If the Eagles can win clearances into uncontested marks up the ground regularly, the Dons will be in a lot of trouble.
- Clearance specialisation
Most finals sides have made one of two decisions – to eschew winning clearances and try to blunt them and win the ball back afterwards, or to focus on the more plentiful stoppage clearance setups rather than the much less frequent centre clearances.
The Dons stand alone among finalists in being pretty good at winning centre clearances, and considerably less so at winning stoppage clearances. Both the Tigers (who have seemingly given up on clearances completely since succeeding last year while doing terribly at them) and the Cats follow down this vague path, but the Dons sit at the forefront.
Zigging when everyone else zags sometimes works out, and given the Eagles have such strength in the ruck department, avoiding around the ground stoppages might be a valid strategy to beat them.
2. Avoiding chaos ball, part two
As mentioned above, only two sides in the finals turn the ball over more than they win the ball from turnovers. One is West Coast; the other is Essendon. While the Bombers don’t have Jeremy McGovern, they do have Cale Hooker and Michael Hurley – two former All Australian defensive forces.
The path to victory for Essendon largely rests on the ability of their defence to restrict the super-effective Eagles forward line. If Hooker, Hurley and co can make the Eagles’ midfield second guess their entries, they have a hope of killing enough opportunities to keep up.
In Essendon wins against top 8 sides, there are about 146 total turnovers (between both sides) against about 139 in losses against such teams. Unlike the Eagles, the Dons will be trying to create chaos, and make any clean ball a disputed situation (including potentially their own).
3. Tackle, tackle, tackle
Physical pressure seems to be a common theme in Essendon’s impressive wins this year, averaging 11 more tackles than their opponents in top 8 wins. A huge data note here – tackles are not usually correlated with success, given that it indicates that a side is usually chasing the ball than they have it in their hands.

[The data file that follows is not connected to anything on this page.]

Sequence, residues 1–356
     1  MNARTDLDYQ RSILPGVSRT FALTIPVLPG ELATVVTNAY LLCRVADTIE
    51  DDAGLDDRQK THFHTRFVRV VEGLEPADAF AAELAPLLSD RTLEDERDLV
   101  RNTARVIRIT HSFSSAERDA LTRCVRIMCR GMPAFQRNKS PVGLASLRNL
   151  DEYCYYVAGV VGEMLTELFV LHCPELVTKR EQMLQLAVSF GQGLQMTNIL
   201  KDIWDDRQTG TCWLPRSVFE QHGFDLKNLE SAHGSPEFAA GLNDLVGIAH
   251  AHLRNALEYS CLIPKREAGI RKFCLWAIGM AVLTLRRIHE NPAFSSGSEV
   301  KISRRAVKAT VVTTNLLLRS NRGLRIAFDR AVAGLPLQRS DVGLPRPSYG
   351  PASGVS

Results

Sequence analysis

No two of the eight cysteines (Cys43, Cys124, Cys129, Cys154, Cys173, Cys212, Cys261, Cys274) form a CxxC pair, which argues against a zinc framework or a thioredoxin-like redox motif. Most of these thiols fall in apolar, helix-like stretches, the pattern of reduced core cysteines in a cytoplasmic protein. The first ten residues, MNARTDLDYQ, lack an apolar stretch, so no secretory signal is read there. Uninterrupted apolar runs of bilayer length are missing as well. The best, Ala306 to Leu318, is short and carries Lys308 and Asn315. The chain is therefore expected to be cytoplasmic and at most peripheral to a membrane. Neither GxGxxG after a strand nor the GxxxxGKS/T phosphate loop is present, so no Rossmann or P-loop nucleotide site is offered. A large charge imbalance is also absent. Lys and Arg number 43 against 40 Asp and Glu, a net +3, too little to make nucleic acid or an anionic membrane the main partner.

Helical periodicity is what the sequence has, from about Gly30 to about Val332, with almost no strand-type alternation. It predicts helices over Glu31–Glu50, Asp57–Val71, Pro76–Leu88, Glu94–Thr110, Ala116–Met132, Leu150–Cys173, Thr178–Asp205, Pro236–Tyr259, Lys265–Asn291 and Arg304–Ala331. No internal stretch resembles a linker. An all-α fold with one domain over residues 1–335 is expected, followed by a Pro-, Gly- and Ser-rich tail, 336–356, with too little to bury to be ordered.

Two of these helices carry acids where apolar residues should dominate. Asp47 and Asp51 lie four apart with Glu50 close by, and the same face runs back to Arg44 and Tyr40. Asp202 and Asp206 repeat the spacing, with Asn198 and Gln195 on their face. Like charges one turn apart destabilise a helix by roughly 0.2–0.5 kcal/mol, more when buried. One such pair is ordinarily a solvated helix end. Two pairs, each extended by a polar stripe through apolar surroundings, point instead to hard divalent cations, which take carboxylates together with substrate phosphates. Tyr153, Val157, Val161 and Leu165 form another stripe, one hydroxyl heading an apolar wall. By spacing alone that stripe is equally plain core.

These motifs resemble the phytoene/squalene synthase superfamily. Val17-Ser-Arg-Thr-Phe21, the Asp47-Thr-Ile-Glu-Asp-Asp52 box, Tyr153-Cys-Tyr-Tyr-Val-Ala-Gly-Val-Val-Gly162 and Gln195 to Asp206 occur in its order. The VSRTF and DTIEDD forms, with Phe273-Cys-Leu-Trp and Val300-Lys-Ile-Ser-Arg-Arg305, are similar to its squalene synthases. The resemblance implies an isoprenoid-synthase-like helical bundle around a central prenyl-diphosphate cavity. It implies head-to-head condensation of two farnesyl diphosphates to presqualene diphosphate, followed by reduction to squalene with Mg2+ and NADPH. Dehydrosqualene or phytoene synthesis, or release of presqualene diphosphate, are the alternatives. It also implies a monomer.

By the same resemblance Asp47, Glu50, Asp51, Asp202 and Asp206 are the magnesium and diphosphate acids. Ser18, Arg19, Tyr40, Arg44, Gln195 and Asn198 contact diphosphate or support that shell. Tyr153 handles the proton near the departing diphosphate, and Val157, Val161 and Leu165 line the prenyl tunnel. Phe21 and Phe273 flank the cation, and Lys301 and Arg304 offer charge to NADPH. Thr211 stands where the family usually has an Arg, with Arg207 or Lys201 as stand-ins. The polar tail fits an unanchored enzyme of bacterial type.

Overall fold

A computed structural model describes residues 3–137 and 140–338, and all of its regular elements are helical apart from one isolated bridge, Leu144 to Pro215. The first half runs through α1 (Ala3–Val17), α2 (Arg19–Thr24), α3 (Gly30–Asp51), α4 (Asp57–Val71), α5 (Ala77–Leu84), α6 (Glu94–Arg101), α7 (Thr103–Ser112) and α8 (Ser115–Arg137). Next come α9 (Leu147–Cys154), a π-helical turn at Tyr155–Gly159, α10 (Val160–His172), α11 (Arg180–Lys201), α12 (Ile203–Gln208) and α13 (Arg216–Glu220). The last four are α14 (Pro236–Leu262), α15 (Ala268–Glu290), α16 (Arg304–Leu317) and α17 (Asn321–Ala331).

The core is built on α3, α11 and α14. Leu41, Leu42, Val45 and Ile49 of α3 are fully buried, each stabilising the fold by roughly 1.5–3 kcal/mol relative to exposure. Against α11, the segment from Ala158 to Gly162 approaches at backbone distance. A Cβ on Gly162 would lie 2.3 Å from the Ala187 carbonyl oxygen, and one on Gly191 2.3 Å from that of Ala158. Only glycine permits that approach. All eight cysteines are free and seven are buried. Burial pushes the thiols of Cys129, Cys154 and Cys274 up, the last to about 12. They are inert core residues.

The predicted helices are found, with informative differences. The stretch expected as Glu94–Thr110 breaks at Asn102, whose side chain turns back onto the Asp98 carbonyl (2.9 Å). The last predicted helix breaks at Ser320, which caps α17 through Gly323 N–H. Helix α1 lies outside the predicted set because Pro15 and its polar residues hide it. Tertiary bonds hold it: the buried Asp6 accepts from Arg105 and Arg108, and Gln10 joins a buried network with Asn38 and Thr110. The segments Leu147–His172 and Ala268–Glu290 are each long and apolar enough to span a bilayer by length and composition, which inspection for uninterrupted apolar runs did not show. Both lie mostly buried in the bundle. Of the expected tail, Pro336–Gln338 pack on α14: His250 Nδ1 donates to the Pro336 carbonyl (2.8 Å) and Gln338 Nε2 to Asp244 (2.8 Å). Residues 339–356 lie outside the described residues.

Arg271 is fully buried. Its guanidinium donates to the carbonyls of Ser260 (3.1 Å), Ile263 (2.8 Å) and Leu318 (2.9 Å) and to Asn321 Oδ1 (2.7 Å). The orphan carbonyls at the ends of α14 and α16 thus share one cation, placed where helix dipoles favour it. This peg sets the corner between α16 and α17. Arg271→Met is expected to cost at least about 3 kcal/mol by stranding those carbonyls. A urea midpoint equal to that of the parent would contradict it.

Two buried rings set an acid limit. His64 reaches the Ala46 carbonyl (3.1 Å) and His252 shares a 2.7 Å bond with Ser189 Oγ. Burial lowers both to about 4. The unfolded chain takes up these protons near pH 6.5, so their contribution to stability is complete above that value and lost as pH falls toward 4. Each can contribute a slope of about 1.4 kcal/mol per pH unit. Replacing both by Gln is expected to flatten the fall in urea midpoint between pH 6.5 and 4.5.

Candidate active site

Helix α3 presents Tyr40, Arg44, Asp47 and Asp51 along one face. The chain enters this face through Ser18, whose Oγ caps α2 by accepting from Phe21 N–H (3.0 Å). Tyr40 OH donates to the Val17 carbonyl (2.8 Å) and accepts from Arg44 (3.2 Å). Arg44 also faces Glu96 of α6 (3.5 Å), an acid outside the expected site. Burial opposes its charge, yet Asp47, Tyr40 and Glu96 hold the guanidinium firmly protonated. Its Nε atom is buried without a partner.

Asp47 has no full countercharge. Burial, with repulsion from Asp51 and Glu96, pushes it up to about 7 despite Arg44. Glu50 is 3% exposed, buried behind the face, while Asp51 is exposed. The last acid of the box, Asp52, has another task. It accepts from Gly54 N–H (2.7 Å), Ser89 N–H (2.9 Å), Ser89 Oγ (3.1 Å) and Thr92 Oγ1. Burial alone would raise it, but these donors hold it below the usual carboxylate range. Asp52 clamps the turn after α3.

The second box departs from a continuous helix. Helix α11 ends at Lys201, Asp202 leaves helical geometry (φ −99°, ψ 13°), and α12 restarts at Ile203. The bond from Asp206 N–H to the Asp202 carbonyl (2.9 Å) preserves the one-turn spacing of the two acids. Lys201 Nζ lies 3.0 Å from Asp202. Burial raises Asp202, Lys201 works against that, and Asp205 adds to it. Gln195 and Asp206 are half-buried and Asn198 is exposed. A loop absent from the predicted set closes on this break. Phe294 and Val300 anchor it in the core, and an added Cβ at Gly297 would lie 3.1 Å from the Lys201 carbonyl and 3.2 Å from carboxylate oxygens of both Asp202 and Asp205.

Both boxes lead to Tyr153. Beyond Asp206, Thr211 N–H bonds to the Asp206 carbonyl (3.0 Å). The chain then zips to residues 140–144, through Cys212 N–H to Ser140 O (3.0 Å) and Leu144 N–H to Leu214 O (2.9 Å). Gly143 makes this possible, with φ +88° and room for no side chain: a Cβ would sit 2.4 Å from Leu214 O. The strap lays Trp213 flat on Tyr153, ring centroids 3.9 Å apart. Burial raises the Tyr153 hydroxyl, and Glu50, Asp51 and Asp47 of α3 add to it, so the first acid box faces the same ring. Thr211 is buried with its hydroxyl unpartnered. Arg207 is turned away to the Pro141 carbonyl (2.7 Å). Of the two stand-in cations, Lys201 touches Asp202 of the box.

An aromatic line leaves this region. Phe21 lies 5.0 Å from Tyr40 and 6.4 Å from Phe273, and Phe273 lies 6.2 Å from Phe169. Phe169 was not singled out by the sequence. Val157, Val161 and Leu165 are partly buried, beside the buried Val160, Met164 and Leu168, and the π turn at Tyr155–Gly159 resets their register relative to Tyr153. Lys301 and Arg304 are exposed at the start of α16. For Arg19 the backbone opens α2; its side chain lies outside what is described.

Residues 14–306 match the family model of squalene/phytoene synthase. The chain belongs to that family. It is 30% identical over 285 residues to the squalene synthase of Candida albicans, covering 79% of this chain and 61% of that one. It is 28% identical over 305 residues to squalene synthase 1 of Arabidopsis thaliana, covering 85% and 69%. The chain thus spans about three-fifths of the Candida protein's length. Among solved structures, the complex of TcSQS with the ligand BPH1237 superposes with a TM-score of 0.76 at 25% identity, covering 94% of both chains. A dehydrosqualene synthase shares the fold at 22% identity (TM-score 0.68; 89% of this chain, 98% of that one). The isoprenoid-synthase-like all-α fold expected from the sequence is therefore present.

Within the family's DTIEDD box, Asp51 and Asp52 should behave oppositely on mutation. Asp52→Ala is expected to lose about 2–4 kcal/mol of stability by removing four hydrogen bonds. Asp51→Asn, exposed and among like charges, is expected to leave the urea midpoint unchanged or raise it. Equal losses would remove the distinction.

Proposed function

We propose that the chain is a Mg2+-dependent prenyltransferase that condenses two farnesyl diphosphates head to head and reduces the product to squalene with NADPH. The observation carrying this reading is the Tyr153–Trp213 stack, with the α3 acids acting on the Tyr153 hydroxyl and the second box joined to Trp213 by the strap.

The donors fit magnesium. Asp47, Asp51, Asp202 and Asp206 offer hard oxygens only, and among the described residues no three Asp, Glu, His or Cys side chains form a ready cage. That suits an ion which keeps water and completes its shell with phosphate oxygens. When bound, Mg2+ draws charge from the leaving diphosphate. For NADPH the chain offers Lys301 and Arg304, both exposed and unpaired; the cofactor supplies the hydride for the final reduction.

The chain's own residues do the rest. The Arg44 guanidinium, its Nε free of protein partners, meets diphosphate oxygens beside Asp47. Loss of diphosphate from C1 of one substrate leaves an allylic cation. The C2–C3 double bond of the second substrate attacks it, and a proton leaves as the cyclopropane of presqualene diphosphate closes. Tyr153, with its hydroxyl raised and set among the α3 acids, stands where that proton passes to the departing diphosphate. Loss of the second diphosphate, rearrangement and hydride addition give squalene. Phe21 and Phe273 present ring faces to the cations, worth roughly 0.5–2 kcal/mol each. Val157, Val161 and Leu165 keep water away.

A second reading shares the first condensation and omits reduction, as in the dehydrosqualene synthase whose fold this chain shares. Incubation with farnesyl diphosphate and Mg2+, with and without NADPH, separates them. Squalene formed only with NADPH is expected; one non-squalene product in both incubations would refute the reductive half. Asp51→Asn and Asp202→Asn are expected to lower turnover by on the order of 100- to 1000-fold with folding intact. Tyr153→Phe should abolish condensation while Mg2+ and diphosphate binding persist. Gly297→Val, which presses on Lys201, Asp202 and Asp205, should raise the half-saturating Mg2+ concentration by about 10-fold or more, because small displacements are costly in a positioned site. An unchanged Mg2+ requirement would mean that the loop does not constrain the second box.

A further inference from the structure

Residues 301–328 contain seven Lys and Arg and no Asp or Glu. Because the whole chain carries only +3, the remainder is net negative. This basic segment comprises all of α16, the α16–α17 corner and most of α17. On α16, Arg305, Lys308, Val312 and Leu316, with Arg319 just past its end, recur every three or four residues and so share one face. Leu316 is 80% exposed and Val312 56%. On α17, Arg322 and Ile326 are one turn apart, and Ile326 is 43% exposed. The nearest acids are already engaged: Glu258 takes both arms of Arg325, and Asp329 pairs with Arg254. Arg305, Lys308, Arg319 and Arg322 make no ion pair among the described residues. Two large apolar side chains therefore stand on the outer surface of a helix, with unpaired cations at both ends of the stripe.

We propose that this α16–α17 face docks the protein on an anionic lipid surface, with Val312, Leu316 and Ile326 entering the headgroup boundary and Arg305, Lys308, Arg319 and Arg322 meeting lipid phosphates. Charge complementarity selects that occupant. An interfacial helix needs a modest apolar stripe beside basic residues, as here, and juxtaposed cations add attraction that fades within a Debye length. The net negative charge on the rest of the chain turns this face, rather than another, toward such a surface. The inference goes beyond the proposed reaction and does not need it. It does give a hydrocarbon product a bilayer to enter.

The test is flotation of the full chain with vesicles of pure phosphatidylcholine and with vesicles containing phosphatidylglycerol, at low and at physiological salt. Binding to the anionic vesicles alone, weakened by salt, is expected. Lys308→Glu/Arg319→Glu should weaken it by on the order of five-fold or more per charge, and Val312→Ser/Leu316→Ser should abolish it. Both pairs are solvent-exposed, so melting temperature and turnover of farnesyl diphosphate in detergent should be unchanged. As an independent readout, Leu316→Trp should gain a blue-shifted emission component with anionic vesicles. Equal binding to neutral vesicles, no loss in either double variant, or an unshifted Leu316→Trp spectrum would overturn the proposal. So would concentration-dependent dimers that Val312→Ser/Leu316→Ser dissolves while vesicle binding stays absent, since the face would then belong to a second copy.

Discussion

However, as the Eagles are so ball control focused and would seemingly prefer to play for stoppages rather than accept a lot of loose chaotic ground balls, having an eye to physically disrupting the Eagles game and causing mistakes could help with the two keys above. The Dons this year had about 12 fewer disposals per game than their opponents, meaning that a disposal disparity was not uncommon. Making the Eagles’ clean outside ball use less clean and less outside might be their best shot.
Below, HPN has arranged its marginal Player Approximate Value (mPAV) based player valuations for the two selected teams. As expected given overall team ratings, the Eagles tend to look a little stronger across the board. A big bonus is Nic Naitanui slotting back in. In limited games he’s shown that he’s still an offensive and midfield weapon and even somewhat useful in terms of aerial defense.
For Essendon, their five ins this week are mostly among their best players, with Stringer their best available forward, Hooker among the most valuable in defence, and Heppell and Stringer in the most valuable half dozen through the midfield
The Eagles have a markedly greater concentration of offensive firepower compared to the wide spread of load seen with the Bombers, but may carry a more evenly distributed load in the midfield.
Note: the HPN tipping model this year was bad. Don’t gamble, especially not with this information. Look at the work of Squiggle for a variety of better performing models.
West Coast by 21.